exercising the powers of his being in the duties of his position. He must be, and therefore he is, the perfect man, putting in operation the true nature of man, and living for the good of the world.
He must be considered, as Dante says, to be the servant of all, because magistrates and kings exist for the good of the nation, and not the nation for the good of its kings or its magistrates. The end is marked out for the monarch. He is there because he ought to wish, because he must wish, and therefore does wish, that men be good and do good and enjoy liberty.
Of all things in the social body, says our prophet, peace is the best. It is necessary to guard against a misapprehension of what is meant here by the word 'peace'. Dante thinks of peace, not as a negative but as a positive idea. Peace is not the mere absence of war: it is the power that maintains order and makes moral law effective. It is the administrative force of Justice, and it is the necessary condition of freedom.
Now Justice implies power: a man cannot act justly to others unless he has the power of giving to all their due. Justice is not the getting of one's due from others: that is a base and unworthy and wholly false conception of the divine power that we call Justice. Justice is the paying of their due to others. It is not a demand for one's own rights; it is the giving to others of their rights. This is a profoundly significant idea; it springs from the insight of a prophet, who has looked deep into the heart of the world. 'Justice', says Dante, 'is a virtue regulating our conduct towards others,' and it cannot be turned into a rule which we can invoke to regulate the conduct of others to us, and to enforce the demands which we make on others.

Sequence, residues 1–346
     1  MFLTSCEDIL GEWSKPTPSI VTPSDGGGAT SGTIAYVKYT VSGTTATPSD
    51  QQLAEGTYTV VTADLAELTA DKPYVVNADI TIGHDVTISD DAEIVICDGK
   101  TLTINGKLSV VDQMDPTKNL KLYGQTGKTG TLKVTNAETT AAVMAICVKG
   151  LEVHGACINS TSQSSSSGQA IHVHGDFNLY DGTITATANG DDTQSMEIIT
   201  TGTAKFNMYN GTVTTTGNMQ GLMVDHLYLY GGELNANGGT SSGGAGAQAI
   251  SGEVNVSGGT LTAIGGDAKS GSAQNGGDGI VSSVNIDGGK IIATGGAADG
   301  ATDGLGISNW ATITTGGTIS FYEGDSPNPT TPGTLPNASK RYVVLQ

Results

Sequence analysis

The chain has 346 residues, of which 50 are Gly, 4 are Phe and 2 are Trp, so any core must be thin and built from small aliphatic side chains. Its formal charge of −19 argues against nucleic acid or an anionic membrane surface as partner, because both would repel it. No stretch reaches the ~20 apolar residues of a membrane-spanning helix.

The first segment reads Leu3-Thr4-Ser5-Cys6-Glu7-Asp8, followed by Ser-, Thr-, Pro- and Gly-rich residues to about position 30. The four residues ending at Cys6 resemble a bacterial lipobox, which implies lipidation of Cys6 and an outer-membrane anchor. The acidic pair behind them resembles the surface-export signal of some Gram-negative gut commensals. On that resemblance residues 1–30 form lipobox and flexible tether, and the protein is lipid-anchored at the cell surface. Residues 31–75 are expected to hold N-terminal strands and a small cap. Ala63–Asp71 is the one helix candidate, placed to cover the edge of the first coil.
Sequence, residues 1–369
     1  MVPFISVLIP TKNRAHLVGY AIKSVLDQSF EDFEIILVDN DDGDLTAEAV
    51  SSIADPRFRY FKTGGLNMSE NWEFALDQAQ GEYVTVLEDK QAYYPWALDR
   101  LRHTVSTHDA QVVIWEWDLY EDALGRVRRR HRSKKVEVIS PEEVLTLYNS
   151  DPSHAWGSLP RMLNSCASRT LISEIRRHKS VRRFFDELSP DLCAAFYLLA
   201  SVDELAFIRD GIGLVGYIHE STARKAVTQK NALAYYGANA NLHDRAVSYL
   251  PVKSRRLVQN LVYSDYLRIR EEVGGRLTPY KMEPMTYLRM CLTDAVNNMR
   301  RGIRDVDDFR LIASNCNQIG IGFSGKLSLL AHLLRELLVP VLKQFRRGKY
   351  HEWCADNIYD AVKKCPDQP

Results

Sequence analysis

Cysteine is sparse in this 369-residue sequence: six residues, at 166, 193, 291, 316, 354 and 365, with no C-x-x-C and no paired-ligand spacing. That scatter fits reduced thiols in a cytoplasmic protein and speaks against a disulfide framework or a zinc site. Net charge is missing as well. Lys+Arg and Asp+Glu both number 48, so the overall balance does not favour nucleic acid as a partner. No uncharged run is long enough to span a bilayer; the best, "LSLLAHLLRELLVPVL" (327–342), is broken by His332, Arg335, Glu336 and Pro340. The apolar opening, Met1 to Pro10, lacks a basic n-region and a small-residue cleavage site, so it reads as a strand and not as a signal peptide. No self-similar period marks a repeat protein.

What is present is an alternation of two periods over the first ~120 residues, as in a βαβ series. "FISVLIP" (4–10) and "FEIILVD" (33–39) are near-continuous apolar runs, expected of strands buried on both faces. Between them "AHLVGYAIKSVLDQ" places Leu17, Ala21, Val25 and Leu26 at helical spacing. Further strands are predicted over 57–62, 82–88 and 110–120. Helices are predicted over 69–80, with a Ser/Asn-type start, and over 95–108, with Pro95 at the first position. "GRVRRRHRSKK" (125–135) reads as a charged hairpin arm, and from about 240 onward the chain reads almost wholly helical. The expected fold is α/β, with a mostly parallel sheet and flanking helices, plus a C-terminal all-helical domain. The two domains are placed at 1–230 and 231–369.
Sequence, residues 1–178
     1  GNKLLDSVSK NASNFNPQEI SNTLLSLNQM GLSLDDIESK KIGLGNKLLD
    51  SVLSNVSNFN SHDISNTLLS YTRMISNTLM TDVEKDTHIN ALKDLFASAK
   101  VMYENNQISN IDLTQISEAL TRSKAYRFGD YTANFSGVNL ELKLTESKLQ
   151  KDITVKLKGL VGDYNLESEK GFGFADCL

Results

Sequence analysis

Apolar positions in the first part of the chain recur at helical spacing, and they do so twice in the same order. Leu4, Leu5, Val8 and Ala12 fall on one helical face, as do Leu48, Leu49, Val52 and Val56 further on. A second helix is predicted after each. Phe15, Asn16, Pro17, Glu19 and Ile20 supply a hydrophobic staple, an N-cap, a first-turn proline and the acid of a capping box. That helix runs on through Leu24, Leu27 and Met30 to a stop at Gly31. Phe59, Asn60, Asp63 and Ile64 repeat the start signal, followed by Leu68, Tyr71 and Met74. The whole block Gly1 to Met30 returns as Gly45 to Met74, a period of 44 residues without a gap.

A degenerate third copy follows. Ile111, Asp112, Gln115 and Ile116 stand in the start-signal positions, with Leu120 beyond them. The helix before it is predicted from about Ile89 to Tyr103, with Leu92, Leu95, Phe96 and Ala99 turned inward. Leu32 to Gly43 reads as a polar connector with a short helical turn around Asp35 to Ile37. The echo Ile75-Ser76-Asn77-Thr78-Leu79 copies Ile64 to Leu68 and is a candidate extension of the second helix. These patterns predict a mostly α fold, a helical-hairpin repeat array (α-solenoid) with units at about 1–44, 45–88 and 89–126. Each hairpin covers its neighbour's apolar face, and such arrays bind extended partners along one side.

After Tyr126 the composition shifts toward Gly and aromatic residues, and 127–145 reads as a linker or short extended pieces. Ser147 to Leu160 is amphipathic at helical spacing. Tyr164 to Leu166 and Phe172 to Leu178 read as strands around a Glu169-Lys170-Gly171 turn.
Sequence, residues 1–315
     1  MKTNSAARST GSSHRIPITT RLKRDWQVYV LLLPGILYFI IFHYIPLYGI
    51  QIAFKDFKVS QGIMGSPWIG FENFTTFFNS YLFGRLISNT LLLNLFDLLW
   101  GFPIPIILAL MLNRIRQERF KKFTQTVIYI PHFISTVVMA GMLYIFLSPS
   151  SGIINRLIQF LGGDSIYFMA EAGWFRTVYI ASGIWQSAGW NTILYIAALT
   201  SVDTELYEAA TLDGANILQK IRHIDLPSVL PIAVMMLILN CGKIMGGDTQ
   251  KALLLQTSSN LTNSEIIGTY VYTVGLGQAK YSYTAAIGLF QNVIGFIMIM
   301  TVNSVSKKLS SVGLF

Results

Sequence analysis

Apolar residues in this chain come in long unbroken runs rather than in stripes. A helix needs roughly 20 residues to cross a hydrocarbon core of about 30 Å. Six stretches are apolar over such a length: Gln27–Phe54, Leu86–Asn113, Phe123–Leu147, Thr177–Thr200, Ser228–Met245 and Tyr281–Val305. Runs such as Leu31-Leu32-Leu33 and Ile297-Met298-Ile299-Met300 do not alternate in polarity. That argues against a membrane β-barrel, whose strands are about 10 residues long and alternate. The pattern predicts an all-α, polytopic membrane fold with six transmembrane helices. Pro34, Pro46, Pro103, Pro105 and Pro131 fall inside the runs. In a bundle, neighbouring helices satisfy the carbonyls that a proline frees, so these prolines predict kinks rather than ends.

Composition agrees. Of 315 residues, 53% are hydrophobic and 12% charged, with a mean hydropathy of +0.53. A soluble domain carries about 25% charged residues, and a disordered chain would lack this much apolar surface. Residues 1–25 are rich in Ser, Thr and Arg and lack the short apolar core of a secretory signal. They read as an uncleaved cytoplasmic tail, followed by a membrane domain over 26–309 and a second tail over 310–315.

Peace, then, is the condition on which man may work